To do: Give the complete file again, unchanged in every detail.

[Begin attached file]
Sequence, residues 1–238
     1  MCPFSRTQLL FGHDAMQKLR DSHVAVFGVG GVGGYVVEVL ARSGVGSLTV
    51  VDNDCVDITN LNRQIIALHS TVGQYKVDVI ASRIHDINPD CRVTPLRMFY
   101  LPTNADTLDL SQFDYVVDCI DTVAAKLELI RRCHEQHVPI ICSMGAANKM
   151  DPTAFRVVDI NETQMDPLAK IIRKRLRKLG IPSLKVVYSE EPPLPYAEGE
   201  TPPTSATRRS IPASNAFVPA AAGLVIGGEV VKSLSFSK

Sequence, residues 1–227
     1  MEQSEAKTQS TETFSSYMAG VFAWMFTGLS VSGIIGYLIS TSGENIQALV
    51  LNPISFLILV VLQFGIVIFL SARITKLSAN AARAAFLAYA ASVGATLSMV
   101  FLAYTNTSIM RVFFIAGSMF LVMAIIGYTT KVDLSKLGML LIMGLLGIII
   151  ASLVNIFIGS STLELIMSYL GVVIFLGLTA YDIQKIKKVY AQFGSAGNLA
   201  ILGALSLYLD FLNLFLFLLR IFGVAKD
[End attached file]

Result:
Sequence, residues 1–238
     1  MCPFSRTQLL FGHDAMQKLR DSHVAVFGVG GVGGYVVEVL ARSGVGSLTV
    51  VDNDCVDITN LNRQIIALHS TVGQYKVDVI ASRIHDINPD CRVTPLRMFY
   101  LPTNADTLDL SQFDYVVDCI DTVAAKLELI RRCHEQHVPI ICSMGAANKM
   151  DPTAFRVVDI NETQMDPLAK IIRKRLRKLG IPSLKVVYSE EPPLPYAEGE
   201  TPPTSATRRS IPASNAFVPA AAGLVIGGEV VKSLSFSK

Sequence, residues 1–227
     1  MEQSEAKTQS TETFSSYMAG VFAWMFTGLS VSGIIGYLIS TSGENIQALV
    51  LNPISFLILV VLQFGIVIFL SARITKLSAN AARAAFLAYA ASVGATLSMV
   101  FLAYTNTSIM RVFFIAGSMF LVMAIIGYTT KVDLSKLGML LIMGLLGIII
   151  ASLVNIFIGS STLELIMSYL GVVIFLGLTA YDIQKIKKVY AQFGSAGNLA
   201  ILGALSLYLD FLNLFLFLLR IFGVAKD